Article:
Australian Screen

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Monster or Miracle? Sydney Opera House (1973)

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clip Larry Sitsky comments on the Sydney Opera House education content clip 2

This clip chosen to be PG

Clip description

Composer Larry Sitsky comments that the opera theatre has many faults. Opera director Sam Wanamaker suggests that the space is manageable.

Teacher’s notes

provided by The Le@rning FederationEducation Services Australia

This clip shows composer and pianist Larry Sitsky giving his views in 1973 on the then new Sydney Opera House. He discusses the limitations of the design. This is followed by opera director Sam Wanamaker giving a practical perspective on the progress of preparations for the first performance in the Opera House. Wanamaker’s voice-over is accompanied by images related to the plans, including costume sketches, staff at work and costumes on racks.

Educational value points

  • The clip provides insights into contemporary opinions and events surrounding the opening of one of Australia’s greatest architectural and cultural icons, the Sydney Opera House.
  • The Opera House, designed by Danish architect Jørn Utzon, was opened by Queen Elizabeth II on 20 October 1973 and cost $102 million to build. Its design was heralded as visionary, with the dramatic roof of sail structures proving a major architectural challenge. Despite cost blow-outs, controversies surrounding its design and subsequent renovations and refurbishments, the Sydney Opera House has played a major role in Australia’s cultural life. In 2005, for example, it hosted more than 3,000 events for a total audience of more than 2 million people.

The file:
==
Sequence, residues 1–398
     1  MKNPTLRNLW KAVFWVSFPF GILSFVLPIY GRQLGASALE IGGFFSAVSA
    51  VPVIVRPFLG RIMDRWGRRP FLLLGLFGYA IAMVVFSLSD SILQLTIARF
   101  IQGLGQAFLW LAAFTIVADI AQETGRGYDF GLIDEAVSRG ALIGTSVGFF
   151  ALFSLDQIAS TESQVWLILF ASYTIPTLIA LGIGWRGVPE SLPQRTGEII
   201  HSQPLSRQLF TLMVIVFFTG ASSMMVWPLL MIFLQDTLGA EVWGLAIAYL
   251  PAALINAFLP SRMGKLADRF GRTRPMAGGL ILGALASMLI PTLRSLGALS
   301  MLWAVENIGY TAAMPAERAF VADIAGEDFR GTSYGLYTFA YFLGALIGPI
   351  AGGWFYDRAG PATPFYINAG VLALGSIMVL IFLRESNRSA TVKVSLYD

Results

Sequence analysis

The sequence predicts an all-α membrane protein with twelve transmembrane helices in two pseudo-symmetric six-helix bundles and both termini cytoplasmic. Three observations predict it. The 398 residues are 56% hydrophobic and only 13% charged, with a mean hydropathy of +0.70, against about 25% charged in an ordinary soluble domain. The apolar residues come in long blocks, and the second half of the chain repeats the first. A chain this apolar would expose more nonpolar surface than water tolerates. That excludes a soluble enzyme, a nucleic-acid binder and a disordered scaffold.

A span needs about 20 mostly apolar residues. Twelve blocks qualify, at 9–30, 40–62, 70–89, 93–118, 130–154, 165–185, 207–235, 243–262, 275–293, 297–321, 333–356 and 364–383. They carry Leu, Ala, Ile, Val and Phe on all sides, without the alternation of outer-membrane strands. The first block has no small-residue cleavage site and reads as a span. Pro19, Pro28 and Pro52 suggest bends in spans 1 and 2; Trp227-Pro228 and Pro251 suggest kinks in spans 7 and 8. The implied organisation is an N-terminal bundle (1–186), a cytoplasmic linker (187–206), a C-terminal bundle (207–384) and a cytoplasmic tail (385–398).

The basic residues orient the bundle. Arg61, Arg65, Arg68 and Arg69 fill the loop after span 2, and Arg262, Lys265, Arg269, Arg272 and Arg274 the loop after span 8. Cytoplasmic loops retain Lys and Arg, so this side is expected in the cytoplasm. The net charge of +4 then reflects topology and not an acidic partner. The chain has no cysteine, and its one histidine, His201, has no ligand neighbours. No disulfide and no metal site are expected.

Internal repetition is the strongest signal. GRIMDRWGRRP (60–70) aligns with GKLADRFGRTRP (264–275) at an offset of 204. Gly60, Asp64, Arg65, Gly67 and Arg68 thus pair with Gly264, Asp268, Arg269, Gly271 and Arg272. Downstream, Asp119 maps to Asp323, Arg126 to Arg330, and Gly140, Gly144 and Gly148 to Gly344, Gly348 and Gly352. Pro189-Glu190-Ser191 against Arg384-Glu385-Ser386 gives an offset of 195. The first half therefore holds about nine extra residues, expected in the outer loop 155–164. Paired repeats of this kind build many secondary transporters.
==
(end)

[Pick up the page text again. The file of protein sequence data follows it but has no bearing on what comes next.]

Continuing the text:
• Larry Sitsky, shown in the clip giving his personal perspective on the Opera House as a performance space, has been a prominent figure in Australia’s music scene since the 1960s. Born in China to Russian-Jewish parents, Sitsky is highly respected for his research and writing, having held several positions in tertiary institutions. He has received many awards for his compositions, which include works for a range of instruments as well as orchestra, and which have been commissioned by national and international organisations.
  • The Sydney Opera House opened in 1972 with Sergei Prokofiev’s War and Peace, an epic production that was televised and broadcast around the world to great acclaim and, according to some commentators, symbolised Australia’s arrival on the international arts and culture scene. The clip gives glimpses of US director Sam Wanamaker’s preparations for this momentous occasion in Australian arts history. Wanamaker (whose name is spelt incorrectly in the clip) had a vibrant and varied career in the arts, achieving fame as an actor, director and producer in opera, film and television before his death in 1993.
  • Larry Sitsky’s comments foreshadow the now longstanding controversy surrounding the feasibility of the Sydney Opera House’s performance spaces. The largest auditorium within the Opera House, originally intended for the Australian Opera, was ultimately assigned to the Sydney Symphony Orchestra, with a smaller space then being assigned to opera. The limitations of the opera theatre, including the size of its wings and orchestra pit, imposed restrictions on opera productions that have continued to the present day. Renovations and alterations, in particular to the size of the pit, have been proposed as recently as 2005, but have been obstructed by projected high costs and the controversy inevitably associated with changing a national icon.